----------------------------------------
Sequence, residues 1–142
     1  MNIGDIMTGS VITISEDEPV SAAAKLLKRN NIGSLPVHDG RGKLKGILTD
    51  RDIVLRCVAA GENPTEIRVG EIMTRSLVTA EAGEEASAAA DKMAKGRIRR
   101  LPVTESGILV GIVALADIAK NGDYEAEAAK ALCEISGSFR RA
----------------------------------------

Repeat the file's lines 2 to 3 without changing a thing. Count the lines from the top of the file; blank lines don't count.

     1  MNIGDIMTGS VITISEDEPV SAAAKLLKRN NIGSLPVHDG RGKLKGILTD
    51  RDIVLRCVAA GENPTEIRVG EIMTRSLVTA EAGEEASAAA DKMAKGRIRR